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Peptide-displaying Phage Technology In Breast Cancer Diagnosis | 24123
ISSN: 2161-0444

Medicinal Chemistry
Open Access

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Peptide-displaying phage technology in breast cancer diagnosis

3rd International Conference on Medicinal Chemistry & Computer Aided Drug Designing

Thaise Gon?alves Ara?jo, Em?lia Rezende Vaz, Galber Rodrigues Ara?jo, Vanessa da Silva Ribeiro, Yara Cristina de Paiva Maia and Luiz Ricardo Goulart

ScientificTracks Abstracts: Med Chem

DOI: 10.4172/2161-0444.S1.011

Phage display is a molecular technique by which foreign proteins are expressed at the surface of phage particles. This is an extremely powerful tool for selecting peptides with specific binding properties from vast numbers of variants. Considering tumors, is a promise technology in selecting targets with clinical relevance, able in recognize molecular diversity of cancer. It has been characterized by phage display a new FabC4 antibody with clinical relevance in diagnostics, disease staging, and prognosis. However, further characterization of its target is essential for BC management. In this study, a biopanning assay against FabC4 using PH.D-12 library was performed. To isolate peptides that recognize our FabC4 antibody, a subtractive selection procedure was applied against an irrelevant Fab, and the elution of ligands was performed in two steps: with nonmalignant proteins, which were discarded, and with BC proteins, which were amplified. It was shown, by Phage-ELISA, that six clones differentiated sera samples from 50 patients with BC, benign disease, and from health women. Chemically synthesized peptides were specifically direct against FabC4, and tested against 150 patients. Absorbance for sera from patients with BC was significantly higher than samples from benign disease and health women. Obtained results open new perspectives in BC diagnostic, target therapy and demonstrate the selective of the applied procedure. The use of synthetic peptides proved to be an excellent assay that was reproducible, simple, fast, and inexpensive, and it can be applied in diagnostic and therapeutic programs.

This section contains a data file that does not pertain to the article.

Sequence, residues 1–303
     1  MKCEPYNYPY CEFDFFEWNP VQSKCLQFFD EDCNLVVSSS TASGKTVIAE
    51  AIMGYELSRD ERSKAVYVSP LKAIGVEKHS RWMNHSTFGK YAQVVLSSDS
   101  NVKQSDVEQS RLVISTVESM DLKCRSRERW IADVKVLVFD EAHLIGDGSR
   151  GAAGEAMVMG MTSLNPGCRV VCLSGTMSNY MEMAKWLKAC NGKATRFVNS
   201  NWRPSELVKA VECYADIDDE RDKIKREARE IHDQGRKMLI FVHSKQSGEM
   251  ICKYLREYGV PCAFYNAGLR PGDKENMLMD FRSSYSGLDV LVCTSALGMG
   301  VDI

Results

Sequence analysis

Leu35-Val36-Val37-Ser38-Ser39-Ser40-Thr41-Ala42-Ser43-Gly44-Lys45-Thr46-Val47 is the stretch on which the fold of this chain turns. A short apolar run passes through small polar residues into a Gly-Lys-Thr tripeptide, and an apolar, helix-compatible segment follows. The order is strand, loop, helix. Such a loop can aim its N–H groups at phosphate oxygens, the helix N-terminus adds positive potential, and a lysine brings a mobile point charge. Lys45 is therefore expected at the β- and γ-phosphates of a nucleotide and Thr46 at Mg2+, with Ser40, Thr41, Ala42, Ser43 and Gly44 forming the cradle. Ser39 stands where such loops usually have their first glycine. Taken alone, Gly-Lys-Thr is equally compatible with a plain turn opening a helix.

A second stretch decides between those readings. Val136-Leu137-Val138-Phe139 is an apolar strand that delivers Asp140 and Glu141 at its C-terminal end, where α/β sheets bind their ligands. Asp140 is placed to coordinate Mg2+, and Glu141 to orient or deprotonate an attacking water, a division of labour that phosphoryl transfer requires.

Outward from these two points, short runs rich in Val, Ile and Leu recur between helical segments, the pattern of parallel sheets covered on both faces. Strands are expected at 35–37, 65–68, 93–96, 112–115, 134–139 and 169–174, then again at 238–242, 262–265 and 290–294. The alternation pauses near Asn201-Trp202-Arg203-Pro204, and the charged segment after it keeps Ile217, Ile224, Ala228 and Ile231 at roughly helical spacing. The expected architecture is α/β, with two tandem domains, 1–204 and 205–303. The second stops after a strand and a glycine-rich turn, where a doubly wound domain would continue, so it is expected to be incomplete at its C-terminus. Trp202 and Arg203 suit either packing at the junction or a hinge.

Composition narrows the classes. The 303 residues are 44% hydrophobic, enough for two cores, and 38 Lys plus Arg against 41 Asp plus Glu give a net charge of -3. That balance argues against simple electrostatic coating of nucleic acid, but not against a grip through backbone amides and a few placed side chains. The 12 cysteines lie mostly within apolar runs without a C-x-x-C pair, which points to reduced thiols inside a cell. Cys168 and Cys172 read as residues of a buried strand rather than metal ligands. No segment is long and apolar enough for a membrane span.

Thaise Gon?alves Araujo has completed her PhD at Federal University of Uberlandia, Brazil in 2012, working with breast cancer and phage display technology. She collaborated with NIH developing projects with phage display and HIV antibodies. She has published papers incancer areas and is professor of the Federal University of Uberlandia.